Reviewed: LG Viewty Snap GM360

19 Aug 2010

A teen-friendly handset at an affordable price, the LG Viewty Snap GM360 has plenty of social networking functionality to keep you occupied and a powerful 5-megapixel camera.

When we look to the touchscreen mobile market it can be all too easy to overlook other players when the iPhone and Android handsets seem to dominate the landscape.

But we’re forgetting a huge consumer segment that not only needs to work on a more modest budget but does not require the firepower that these powerful smartphones offer. This, of course, is the teen market.

When I tested out the LG Viewty Snap GM360 I decided to look through the lenses of adolescence and work out if this phone is the shizzle (oh dear, I don’t even know what words are cool any more).


The GM360 is encased in shiny black plastic with silver edging and aside from the slightly cheap looking clear plastic on the three physical buttons under the touch screen this is a well designed and nice looking slim line handset.

The 5-megapixel camera on the back is prominent as it should be being a Schneider Kreuznach auto focus lens with LED flash.

If I was a teen or tween this phone would definitely appeal to me (as long a I could stick some Hello Kitty decals on the back!).

The TFT touch screen is 3.0-inches and is resistive rather than capacitive. This, I found, made it slower to register input and would not be my ideal choice because you have to get used to applying some amount of pressure.

If you’re moving from a phone with a physical keypad or another resistive touchscreen phones like some of the Samsung and LG ones then you won’t mind at all.

User Interface

There are three main ‘dashboards’ on the GM360: the homescreen, the social hub (which houses Livesquare), and the contacts page where you can drag and drop various contacts for quick access.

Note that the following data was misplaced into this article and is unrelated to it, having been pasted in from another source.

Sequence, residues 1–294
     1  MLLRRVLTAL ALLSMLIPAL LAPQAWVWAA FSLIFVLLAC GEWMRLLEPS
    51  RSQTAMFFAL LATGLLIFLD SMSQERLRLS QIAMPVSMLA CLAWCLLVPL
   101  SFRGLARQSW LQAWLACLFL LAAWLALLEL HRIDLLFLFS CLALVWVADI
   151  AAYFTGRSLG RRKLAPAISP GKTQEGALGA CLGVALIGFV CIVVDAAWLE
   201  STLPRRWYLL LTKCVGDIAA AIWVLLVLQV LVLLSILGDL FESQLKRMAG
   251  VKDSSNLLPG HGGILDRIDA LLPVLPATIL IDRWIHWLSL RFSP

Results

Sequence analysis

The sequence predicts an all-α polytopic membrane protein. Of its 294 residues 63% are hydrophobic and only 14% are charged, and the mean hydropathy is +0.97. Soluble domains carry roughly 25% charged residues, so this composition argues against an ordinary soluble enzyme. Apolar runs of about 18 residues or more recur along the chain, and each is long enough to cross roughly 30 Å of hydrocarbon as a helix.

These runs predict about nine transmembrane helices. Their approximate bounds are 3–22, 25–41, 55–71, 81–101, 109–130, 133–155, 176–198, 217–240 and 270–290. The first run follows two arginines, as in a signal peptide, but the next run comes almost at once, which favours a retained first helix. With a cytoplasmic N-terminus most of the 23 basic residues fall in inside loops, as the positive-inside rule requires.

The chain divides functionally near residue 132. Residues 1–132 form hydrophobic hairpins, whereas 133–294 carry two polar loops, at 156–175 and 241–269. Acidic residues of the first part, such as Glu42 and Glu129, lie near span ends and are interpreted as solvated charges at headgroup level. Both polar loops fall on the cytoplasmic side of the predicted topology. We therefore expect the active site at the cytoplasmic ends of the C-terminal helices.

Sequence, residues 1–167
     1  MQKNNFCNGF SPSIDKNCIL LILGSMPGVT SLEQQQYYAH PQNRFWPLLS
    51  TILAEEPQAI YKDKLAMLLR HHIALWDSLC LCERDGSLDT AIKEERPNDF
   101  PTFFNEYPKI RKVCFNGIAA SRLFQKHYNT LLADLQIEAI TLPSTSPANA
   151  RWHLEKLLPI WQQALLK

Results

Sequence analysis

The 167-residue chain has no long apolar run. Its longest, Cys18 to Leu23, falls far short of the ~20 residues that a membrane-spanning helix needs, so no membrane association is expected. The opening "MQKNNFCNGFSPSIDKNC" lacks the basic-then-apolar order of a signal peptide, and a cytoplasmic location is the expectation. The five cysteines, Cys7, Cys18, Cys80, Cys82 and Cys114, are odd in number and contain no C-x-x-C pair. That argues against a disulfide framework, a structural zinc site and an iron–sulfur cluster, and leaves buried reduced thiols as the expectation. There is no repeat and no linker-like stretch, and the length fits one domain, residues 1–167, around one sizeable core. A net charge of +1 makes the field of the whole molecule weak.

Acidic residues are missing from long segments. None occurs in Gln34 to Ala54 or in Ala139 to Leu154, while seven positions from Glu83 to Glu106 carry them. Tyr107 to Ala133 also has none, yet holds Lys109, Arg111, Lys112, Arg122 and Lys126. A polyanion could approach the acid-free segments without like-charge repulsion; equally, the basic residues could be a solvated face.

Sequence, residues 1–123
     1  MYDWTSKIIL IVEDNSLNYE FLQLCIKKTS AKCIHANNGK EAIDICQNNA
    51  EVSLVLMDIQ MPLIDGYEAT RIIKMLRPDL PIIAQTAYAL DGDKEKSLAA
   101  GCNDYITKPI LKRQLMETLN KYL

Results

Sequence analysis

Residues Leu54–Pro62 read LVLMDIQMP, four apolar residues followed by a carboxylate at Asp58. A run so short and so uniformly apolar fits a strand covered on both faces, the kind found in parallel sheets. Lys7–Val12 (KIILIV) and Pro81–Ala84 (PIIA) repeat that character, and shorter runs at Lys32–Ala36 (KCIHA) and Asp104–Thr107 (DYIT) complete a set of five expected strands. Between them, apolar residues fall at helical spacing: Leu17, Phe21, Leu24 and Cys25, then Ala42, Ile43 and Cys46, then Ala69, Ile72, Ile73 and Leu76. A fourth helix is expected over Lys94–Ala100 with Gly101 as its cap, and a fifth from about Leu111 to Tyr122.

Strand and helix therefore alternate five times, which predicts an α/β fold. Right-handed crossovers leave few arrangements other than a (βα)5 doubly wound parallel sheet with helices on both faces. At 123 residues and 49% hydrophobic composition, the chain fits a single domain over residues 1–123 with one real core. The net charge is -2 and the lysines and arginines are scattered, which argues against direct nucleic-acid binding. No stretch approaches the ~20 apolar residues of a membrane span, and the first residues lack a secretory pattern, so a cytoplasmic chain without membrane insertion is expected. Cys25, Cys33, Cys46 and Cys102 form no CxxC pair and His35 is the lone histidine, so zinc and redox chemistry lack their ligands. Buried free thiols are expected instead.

Underpinning all of these is the menu strip at the bottom that houses the dialler, your phonebook, messages and a shortcut to the overall menu for settings, utilities, applications and so on.

The homescreen can have up to four widgets at a time and you can choose from the message centre (which shows how many unread text messages, emails, voice mails or missed calls you have), a Facebook widget, one for radio, an mp3 player, a calendar and other similar ones.

The Livesquare is a little odd but I think it would work as a cutesy interface for teens. Your friends can be represented as little cartoonish avatars with settings such as a park. This is a novel way of placing your friends and when you touch on the avatar you’ll see the latest communications you’ve had with them. These little avatars bow bubbles, move around and let off streams of love hearts into the air. Cute.


Aside from the usual SMS and MMS capability you can also add your email account. I added Gmail but for some reason it was syncing and collecting my email even though I had received new mails.

The range of social networks that can be added is quite varied: as well as the ever-popular Facebook and Twitter there are also options to set up Orkut, Picasa, Flickr and MySpace plus you can toggle push delivery on and off for the various networks you have added inside SNS settings.

Push email, for some reason, is a Java powered application tucked inside Games & Apps but so is Opera Mini 5, which is a good mobile web browser.


The 5-megapixel camera woth LED flash is very good and there’s a video camera too that records in QVGA. You’ve got an MP3 player, a picture gallery, Google search, an FM radio and other bits ad bobs including a voice recorder and a drawing panel.

While there is 2GB memory on board there is also space for up to 16GB via microSD.


At €49 this is a great little budget phone and the camera is top notch too.


No Wi-Fi, the resistive touch is finicky and the Java applications can take a wee bit of time to load.


Definitely a phone for the teens: it has all the functionality most young people require but the email client is simply not powerful enough for a business person and the interface is too cutesy and juvenile.